Anderson points to the innovation of the novel and newspaper for the populating of early imagined communities that would become nations. The newspaper provides the cleanest example. Readers would pick up a newspaper aware that others would be reading the same newspaper. Eventually, they would learn that newspapers existed in other places but with content specific to that area. Newspapers were intended for separate audiences that must be nothing but separate communities. The newspaper thus invisibly circumscribed an audience who began to see itself as a community without the need for any real contact between individuals. This sense is what distinguishes the tribe from the imagined community.

We can observe multitudes of similar, more granular examples today. Certainly, religious communities continue to multiply and nations have come and gone but continue to dominate polemics. Borders of nation-states, however, are increasingly permeable, if not for people, then for media and ideas and, consequently, imaginaries. This is what the terms ‘globalization’ and ‘transnationalism’ are getting at. Pop-culture examples might include the international popularity of Hollywood films like Jurassic World and Star Wars: The Force Awakens and the spread of cultural products like cos-play and manga. See Karen Risager’s work for more on this “flow.”

At the same time, groups within national borders are drawing more and stouter boundaries around themselves. Think of these boundaries in this way: for any print or visual media with an intended audience, that audience is to some degree imagined. Consider, for instance, the rise of Facebook, Reddit, Pinterest, and online gaming communities. Following or posting with a specific hashtag or visiting a Facebook group can now function as a mini-pilgrimage, and specialized community dialects have proliferated, anything from texting shorthand to Clash of Clans jargon.

As I stretch Anderson’s framework of imagined communities into social and global media and networks, I don’t mean to suggest that the interactions we have with other individuals on online platforms are imaginary. Those interactions are today’s tribal analogs of our face-to-face tribes–they often but not always overlap. However, most of us are aware that on some level the online world is unreal. This is the jarring experience of being spammed by a bot account on Instagram, learning that a crush’s profile photos have been photoshopped, or discovering click farms. We’re then reminded that our online tribes are somewhat contrived, imagined.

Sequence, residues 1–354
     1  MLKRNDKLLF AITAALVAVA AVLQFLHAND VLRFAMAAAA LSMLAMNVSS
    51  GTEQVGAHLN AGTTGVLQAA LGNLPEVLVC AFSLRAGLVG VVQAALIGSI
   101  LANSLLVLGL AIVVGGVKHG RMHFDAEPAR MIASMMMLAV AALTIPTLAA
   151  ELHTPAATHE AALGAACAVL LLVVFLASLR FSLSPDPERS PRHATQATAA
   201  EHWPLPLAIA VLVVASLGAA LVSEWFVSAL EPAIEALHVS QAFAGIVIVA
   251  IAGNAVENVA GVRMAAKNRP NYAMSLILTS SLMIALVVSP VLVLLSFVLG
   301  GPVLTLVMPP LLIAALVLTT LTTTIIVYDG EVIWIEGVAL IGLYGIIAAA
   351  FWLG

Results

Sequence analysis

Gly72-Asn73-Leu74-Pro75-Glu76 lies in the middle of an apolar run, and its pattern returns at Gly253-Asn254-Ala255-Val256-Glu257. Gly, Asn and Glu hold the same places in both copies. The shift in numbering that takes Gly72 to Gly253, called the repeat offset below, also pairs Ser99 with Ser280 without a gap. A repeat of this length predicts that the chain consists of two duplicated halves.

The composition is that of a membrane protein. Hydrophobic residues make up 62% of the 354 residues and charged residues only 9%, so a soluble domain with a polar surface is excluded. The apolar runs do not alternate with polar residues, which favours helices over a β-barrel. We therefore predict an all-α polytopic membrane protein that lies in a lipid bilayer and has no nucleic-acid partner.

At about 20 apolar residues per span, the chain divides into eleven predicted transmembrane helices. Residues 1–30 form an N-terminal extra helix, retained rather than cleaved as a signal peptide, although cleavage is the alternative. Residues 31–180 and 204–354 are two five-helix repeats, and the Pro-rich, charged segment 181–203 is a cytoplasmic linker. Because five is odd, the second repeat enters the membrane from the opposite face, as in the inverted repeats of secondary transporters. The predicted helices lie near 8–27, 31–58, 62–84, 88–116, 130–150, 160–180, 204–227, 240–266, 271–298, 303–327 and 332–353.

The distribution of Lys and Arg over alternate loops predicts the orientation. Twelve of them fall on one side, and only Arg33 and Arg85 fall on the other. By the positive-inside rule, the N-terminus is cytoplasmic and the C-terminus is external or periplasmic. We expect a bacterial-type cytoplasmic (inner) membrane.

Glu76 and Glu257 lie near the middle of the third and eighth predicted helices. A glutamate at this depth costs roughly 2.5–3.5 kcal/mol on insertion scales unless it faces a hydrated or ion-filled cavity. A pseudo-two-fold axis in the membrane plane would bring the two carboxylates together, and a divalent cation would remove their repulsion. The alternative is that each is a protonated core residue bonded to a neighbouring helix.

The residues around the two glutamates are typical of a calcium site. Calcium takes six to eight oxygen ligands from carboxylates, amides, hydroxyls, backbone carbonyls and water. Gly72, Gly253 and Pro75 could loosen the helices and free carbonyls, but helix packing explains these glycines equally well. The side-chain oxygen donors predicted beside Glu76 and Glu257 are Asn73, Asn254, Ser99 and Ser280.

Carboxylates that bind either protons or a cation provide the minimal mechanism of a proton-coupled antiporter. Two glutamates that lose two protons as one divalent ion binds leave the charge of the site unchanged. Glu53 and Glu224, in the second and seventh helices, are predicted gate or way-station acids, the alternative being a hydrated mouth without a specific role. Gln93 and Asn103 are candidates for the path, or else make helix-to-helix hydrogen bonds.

With the ability to attend to specific media streams to the exclusion of others–apparently there is now an app to filter Donald Trump out of your online experience–and to add and unfollow people in our social networks, we create borders for our imagined communities that impact the real world. I’ll provide two examples that find individuals in tribal (i.e., face-to-face) encounters. The dynamics are both internal and external and depend on imagined communities. One way to know this is that we are ourselves probably aware of such situations and have been exposed to commentary about them without personally knowing the individuals or the commentators involved. These stories are like segments in the media stream that defines our imagined communities. It’s they that then inform our imaginaries and that weight the probabilities of our daily interactions.

A white couple feels unsafe walking through a “ghetto” neighborhood.

A poor black student feels unwelcome in an affluent, white-dominated school.

Recall my run for a moment. Because I have the ability to vouch for my own intentions tonight, I’ll work hypothetically and assume that I was correct about why the young woman crossed the road. Assume that we have both consumed the same university news, which in part places us within the same imagined community. Assume that the potential of danger impacted our states of mind, behavior and interpretations of each other’s behavior. Assume I would be considered the threat because of my size and gender relative to hers, augmented by my dress and the time of day. For all of the evidence and intuition available to support her choice, her crossing the road remains the product of an imaginary that was, in this case, entirely false. If I’m correct, she is not worthy of criticism. However, in this situation there is a significant warning: what is highly likely should not come to stand for what is true.

Now it’s worth imagining sitting on the steps as the white couple passes by or sitting next to the black student in class. First, understand that the complexity of the situation is compounded by each one’s membership in several imagined communities, some of which do not seem to overlap whatsoever: white-black, poor-rich, rural-urban, male-female, etc. In truth, the imagined communities in these two mundane examples reframe what could be tribal interactions as inter-tribal interactions. However, imagine that your intentions toward the couple or the student are as harmless as mine were tonight. This is not to say that your view of them is not warped by inequitable grand narratives, but you simply feel no malice toward them. Those states of mind I have attributed to them above are simply fabrications based on imaginaries promoted by their imagined communities. This is a problem. These misattributions are taken up by the imagined community as news, spun, and assert themselves onto daily life.

What seems clear is that what becomes “news” or “the gossip” simultaneously assumes–indeed, reifies–the integrity of imagined communities and gains a “truth” quality that grows beyond the “facts” (see Carlson and Schramm-Pate‘s chapter in Beyond Silenced Voices). This is the process of observation becoming interpretation. Think on these next two inflammatory examples:

A white man defends having the confederate flag on his truck.

Another young black man is shot by the police.

These truths, having developed from the facts, incite and reinforce imagined communities. They compel community members to make pilgrimages: to march, to picket, to frequent propagandizing news channels and websites. They exist in shared and exclusive expression available to members only: symbols, accents, vocabulary. Eventually, members accept unselfconsciously that the contours of imagined communities are natural.